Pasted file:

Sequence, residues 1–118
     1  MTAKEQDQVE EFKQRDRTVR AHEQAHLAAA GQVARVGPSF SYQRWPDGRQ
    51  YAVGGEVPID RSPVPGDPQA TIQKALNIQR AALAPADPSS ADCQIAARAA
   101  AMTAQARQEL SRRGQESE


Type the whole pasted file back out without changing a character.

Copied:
Sequence, residues 1–118
     1  MTAKEQDQVE EFKQRDRTVR AHEQAHLAAA GQVARVGPSF SYQRWPDGRQ
    51  YAVGGEVPID RSPVPGDPQA TIQKALNIQR AALAPADPSS ADCQIAARAA
   101  AMTAQARQEL SRRGQESE